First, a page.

IDPH has cited and fined Sauk Valley Senior Living in Rock Falls after a resident was admitted to the hospital in respiratory distress due the failure of the nurisng staff provide proper care for a resident with a tracheostomy.
The resident at issue was 31 years old who suffered a severe brain injury after choking on food. As a result of this incident she was nonverbal, unable to care for herself of participate in her care, and had a tracheostomy.
A tracheostomy is a surgical hole in a person’s throat which helps a person breathe. After the surgical incision is made, there is a tub called a cannula which is placed down the person’s airway. The cannula actually has two components: an inner cannula and an outer cannula. The outer cannula hold open the site of the tracheostomy, while the inner cannula is inserted into the windipipe and can be removed for cleaning.
The cannula can become obstructed with fluids or other items. Obstruction of the cannula can result in a loss of oxygen to the patient and ultimately result in the wrongful death of the nursing home resident. One way of resolving an obstruction is by suctioning.
The orders for tracheostomy care called for the resident to receive trach care daily and as needed, to be suctioned as needed, and to have the inner cannula changed daily. This was doubtless part of her care plan.
On the night of the incident, an aide recognized that the resident was struggling to breathe, so she brought the nurse in. The nurse gave oxygen and listened to the resident’s lungs and recognized that the resident had minimal lung sounds. She admitted to the state surveyor that she did not attempt to suction the resident because she did not have much experience working with tracheostomies. She notified the doctor and obtained an order for the resident to be sent to the hospital.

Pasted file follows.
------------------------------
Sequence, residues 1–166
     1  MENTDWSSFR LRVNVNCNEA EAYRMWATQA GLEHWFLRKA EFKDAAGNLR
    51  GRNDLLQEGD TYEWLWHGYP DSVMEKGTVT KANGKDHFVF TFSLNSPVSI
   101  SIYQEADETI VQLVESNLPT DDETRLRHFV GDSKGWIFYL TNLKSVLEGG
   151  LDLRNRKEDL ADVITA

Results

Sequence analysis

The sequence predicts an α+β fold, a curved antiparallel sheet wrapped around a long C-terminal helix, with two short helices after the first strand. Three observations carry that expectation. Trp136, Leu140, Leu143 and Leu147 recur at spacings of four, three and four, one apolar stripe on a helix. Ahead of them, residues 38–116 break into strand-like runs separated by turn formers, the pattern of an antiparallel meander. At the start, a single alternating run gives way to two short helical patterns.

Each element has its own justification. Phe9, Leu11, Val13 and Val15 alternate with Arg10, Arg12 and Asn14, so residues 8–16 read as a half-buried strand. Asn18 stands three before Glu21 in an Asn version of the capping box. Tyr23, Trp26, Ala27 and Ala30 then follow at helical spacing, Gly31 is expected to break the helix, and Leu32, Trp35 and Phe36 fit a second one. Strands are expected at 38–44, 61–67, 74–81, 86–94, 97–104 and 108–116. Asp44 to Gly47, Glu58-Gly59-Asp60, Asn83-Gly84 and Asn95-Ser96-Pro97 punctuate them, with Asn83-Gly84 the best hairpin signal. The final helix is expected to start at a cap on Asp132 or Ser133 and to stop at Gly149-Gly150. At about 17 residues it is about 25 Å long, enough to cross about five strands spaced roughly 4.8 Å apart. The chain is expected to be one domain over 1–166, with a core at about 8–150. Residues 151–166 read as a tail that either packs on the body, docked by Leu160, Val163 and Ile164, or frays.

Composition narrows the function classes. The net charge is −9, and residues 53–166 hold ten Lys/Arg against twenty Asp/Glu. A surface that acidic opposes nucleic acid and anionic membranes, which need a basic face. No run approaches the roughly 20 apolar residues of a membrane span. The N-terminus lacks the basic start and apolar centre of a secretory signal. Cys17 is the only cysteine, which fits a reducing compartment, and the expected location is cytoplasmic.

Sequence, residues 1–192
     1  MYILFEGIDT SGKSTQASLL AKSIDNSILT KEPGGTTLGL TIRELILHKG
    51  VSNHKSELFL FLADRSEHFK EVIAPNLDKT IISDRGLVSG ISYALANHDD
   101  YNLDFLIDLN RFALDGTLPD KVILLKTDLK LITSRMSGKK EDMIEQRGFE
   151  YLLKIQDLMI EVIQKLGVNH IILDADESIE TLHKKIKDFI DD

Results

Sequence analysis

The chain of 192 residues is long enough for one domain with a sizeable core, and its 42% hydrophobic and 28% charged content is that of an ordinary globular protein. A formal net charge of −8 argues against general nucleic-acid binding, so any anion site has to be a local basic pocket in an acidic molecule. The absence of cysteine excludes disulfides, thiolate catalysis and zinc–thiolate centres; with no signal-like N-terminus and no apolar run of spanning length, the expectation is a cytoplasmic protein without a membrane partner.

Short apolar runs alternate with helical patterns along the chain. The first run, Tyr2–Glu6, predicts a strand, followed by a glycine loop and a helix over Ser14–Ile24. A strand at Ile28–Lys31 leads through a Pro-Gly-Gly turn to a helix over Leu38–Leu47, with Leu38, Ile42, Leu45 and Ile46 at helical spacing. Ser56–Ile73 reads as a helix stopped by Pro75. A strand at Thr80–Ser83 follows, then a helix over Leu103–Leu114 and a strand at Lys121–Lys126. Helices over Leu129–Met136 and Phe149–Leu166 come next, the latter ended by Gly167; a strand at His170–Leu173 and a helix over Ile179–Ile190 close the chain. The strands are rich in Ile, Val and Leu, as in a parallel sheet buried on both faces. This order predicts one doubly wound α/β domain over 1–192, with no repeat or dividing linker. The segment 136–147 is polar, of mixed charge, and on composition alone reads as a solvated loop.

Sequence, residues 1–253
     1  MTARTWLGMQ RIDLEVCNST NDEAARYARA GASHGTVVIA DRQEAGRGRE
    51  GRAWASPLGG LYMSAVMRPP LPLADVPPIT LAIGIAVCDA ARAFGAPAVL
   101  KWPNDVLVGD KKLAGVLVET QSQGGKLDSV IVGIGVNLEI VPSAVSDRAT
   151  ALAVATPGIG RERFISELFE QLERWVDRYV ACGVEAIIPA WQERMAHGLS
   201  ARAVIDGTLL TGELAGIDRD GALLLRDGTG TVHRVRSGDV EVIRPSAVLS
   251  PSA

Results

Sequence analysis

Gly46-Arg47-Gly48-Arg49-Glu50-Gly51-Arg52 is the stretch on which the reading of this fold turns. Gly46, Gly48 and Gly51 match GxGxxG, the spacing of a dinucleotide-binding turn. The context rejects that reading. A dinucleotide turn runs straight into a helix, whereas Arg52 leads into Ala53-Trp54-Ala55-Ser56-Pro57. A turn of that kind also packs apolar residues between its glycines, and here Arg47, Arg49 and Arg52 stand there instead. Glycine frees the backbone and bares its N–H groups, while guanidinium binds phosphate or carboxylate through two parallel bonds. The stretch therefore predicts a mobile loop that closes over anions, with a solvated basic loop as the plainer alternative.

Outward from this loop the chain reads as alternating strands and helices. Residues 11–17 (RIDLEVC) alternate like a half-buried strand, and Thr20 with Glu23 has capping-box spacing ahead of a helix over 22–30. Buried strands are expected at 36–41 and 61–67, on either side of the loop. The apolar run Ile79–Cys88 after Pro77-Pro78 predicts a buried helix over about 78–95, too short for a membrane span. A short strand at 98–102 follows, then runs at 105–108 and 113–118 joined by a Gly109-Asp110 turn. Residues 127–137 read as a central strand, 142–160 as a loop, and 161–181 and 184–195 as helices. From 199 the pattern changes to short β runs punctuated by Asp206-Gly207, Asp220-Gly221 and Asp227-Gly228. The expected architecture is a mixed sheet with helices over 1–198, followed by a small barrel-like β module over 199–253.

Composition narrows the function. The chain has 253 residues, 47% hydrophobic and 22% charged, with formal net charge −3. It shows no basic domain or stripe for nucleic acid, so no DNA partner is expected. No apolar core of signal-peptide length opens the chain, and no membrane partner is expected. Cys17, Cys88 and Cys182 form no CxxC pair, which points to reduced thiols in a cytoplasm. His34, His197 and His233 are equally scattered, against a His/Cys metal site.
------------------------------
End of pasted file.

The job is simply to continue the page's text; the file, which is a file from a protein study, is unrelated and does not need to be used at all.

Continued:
When the paramedics arrived, they recognized that resident was in respiratory distress and was told by the nurse that had been going on for up to an hour. When they arrived at the hospital, the nursing staff found that the tracheostomy cannula was clogged with blood tinged sputum and hair. It was very dirty and it was obvious to the nursing staff that the cannula had not been cleaned or suctioned. They cleaned out the cannula and replaced it and the resident began breathing normally.
The obvious issue here is that the resident was not receiving the care that she needed to maintain her airway. When she was brought to the hospital, the inner cannula was clogged with hair and fluids and was very dirty. This indicates that the resident was not receiving the care that she needed and which is actually required under federal regulations.
Nursing homes are also required by federal regulations to have sufficient staff with the skills needed to assure resident safety and meet the care needs of residents. The nurse on duty at the time of this incident demonstrated that she did not have necessary skills to care for this resident as she either did not know to suction the resident or did not believe that she had the skills to do so. Either way, the most immediate step to care for the resident was not taken.
Violations of federal regulations like this are a form of nursing home abuse and neglect.
If the nursing home did not have the staff available to properly care for this resident – and it appears from the description of the cannula in the IDPH citation that this resident was not the only nurse uncomfortable caring for the tracheostomy – then the only proper course for this nursing home would have been to deline the admission. However, this is the kind of medically compromised, complex patient that tends to bring higher levels of revenue for the nursing home, so the profit model says that this resident will be accepted for admission when the wisest course action may have been to decline the admission.
One of our core beliefs is that nursing homes are built to fail due to the for-profit business model they follow and that unnecessary accidental injuries and wrongful deaths of residents are the inevitable results. Order our FREE report, Built to Fail, to learn more about why. Our experienced Chicago nursing home lawyers are ready to help you understand what happened, why, and what your rights are. Contact us to get the help you need.
Other blog posts of interest:
Resident wanders from Good Samaritan Society in Mt. Carroll
California Gardens fails to obtain respiratory equipment
Urinary catheter injury at Marigold Rehab
Resident dies after yanking out own tracheostomy
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